As the Dallas Stars search for answers as to how to find some way stop this frustrating inconsistency (even if they deny it's an issue), it's becoming clear that this team cannot continue to rely upon a select few to carry the team. James Neal, Brad Richards and Marty Turco are playing as good as they have in a very long time, yet it hasn't been enough to pull the Stars out of this funk.
When you look at this team as whole, the full picture of what impact certain players are failing to make on each game becomes very clear. While you're not going to get every player on the ice contributing every game, there are disturbing trends building when you add up the season so far as a whole. Players that have historically been the backbone of the Stars are suddenly struggling mightily, and the team is struggling as a consequence.
Now the Stars have enough good players to make up for this lack of production from all of the key players, but not on a consistent basis. The up and down rollercoaster of this season can be attributed to the fact that certain players are just not playing at the level the team needs them to, and if the Stars are ever going to grab momentum and run with it they need to find a way to get back on the right track.
It's tough to think that this Stars team is incapable of winning two or three games in a row, but that's the feeling right now in Dallas. Just good enough to win every other game, not good enough to sustain that level of play. The Stars have the talent and personnel necessary to be a contending team in the West, but only if these certain players get back to their old ways.
After the jump, a look at three players the Dallas Stars desperately need to improve. Immediately.
#29 / Center / Dallas Stars
Aug 19, 1982
Last season Steve Ott arguably became the Dallas Stars' most valuable player. With Brenden Morrow out for the season and the Stars fighting to climb the standings, Ott stepped into a zone none thought he possessed. He was insanely physical and energetic without being stupid, and provided an offensive burst that ignited the Stars in December and January. 19 goals and 27 assists while playing on the top line, Ott was a force for the Stars when they needed help in the most desperate way.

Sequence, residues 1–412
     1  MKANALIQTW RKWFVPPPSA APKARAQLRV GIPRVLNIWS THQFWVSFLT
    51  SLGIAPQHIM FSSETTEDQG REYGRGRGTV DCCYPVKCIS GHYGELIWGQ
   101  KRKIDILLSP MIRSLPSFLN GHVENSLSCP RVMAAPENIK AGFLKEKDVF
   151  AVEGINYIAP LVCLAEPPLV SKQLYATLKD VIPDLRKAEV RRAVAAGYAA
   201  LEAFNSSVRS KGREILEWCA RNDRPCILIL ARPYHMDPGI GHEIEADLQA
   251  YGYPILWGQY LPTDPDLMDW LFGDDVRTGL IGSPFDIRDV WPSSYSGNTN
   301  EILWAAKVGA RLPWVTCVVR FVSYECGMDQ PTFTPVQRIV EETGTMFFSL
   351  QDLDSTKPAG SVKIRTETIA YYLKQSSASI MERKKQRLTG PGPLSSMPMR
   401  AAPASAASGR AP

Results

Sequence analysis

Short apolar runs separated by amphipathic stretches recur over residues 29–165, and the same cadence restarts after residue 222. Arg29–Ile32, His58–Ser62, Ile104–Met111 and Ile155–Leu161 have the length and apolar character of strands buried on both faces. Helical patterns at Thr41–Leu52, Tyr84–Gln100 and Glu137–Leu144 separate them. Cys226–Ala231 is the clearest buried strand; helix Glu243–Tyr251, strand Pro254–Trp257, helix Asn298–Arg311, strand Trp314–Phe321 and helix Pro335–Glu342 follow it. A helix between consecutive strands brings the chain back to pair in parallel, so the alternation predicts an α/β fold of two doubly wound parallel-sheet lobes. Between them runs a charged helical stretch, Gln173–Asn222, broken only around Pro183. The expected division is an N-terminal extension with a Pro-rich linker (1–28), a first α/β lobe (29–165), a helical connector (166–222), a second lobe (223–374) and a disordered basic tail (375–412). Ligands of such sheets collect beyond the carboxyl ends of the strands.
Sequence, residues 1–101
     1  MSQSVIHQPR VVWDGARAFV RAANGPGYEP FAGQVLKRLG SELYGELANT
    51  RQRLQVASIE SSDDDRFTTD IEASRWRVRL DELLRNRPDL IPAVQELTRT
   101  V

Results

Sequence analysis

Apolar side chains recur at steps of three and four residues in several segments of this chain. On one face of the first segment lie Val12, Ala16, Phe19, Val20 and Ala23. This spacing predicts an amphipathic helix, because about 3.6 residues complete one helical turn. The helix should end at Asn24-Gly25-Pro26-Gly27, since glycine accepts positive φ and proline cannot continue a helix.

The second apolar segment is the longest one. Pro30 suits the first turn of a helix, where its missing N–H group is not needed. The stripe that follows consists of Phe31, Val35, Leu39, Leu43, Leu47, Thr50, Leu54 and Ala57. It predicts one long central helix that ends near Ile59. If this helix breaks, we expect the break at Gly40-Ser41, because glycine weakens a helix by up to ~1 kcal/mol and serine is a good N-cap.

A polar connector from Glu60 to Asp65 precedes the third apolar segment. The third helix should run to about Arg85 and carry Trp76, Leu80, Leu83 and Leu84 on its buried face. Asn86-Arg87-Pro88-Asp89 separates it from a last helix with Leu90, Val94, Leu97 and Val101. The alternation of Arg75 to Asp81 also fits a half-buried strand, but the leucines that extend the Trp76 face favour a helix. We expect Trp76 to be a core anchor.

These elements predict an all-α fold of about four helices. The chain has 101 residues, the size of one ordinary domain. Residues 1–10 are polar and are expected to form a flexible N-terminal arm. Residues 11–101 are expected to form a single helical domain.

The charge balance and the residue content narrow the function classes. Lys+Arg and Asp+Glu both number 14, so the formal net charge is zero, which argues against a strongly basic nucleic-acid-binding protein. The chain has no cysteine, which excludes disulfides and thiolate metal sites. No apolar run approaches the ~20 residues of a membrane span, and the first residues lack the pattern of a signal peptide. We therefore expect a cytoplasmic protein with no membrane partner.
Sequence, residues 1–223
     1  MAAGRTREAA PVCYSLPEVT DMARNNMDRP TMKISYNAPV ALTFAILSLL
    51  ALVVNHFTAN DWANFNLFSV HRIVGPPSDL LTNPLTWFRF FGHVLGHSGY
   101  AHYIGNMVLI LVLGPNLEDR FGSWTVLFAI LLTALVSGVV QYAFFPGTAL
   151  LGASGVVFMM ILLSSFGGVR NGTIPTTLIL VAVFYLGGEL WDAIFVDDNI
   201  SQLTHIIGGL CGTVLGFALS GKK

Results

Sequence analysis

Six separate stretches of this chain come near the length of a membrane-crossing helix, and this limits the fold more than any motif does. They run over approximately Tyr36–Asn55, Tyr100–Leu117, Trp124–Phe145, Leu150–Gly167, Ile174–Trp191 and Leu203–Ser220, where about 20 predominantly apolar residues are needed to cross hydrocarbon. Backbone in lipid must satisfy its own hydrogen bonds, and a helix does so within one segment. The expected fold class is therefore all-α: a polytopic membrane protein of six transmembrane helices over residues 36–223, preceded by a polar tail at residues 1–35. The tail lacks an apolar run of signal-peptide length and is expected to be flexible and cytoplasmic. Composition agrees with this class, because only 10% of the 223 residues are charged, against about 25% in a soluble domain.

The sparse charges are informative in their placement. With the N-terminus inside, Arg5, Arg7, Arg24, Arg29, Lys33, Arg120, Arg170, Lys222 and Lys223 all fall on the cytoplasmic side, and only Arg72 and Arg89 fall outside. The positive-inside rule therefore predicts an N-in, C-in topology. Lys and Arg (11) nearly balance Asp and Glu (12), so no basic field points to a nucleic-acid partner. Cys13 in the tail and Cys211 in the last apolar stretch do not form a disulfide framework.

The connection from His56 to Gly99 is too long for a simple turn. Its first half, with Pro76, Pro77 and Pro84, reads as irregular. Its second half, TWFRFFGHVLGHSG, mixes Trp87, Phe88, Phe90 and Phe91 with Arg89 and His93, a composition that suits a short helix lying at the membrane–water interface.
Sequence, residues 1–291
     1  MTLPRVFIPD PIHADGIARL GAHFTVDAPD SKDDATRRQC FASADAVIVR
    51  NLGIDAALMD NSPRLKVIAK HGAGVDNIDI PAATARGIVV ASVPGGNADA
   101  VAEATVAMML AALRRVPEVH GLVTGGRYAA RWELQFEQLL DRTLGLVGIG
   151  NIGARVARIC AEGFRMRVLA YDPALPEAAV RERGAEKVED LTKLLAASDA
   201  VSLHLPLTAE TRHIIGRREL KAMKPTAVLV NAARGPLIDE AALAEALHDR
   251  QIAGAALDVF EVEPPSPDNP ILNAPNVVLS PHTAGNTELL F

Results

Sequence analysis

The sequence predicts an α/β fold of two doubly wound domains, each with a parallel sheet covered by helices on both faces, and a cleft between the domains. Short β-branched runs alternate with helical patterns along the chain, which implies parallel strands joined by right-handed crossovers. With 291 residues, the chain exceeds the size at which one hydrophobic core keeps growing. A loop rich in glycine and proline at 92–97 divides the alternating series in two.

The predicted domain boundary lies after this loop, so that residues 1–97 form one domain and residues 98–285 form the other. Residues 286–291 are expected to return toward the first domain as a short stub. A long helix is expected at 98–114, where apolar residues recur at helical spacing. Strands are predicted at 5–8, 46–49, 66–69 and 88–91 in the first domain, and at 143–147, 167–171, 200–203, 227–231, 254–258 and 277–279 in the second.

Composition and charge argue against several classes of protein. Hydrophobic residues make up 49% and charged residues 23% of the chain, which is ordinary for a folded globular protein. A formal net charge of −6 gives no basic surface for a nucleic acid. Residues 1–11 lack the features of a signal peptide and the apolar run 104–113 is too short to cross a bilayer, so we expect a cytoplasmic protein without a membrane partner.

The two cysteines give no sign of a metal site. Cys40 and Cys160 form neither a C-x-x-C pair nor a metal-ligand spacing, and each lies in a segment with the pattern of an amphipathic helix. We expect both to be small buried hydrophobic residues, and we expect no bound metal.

This season, Ott has disappeared. He's had a few good games and really started to hit his stride a few weeks into the season. But he went too far against the Blues and was suspended for his transgressions with most likely a stern warning that any further issues would result in a much harsher penalty.
Since then Ott has become a shell of the player we loved last season. He is pointless in his last five games, and is a minus-3 in that span as well. We haven't seen the big hits either, the energy he can bring on the forecheck and along the boards and the way he sparks the team with his play. That hasn't been there at all this season, except in very limited spurts.
Without the offensive production and without the energy and physicality, Ott has become a lost player on the ice for the Stars. He's the worst on the team in BTN and Corsi ratings among regular forwards, and is struggling defensively and offensively. After spending so much time on the top line last season, he's been pushed to the third and fourth lines this year. Many believed that Ott was on the cusp of becoming a truly special player for the Stars and some questioned whether Dallas would be able to keep him after this season. But for now he's lost in a funk and the Stars desperately need him to come out of it.
#6 / Defenseman / Dallas Stars
Oct 09, 1983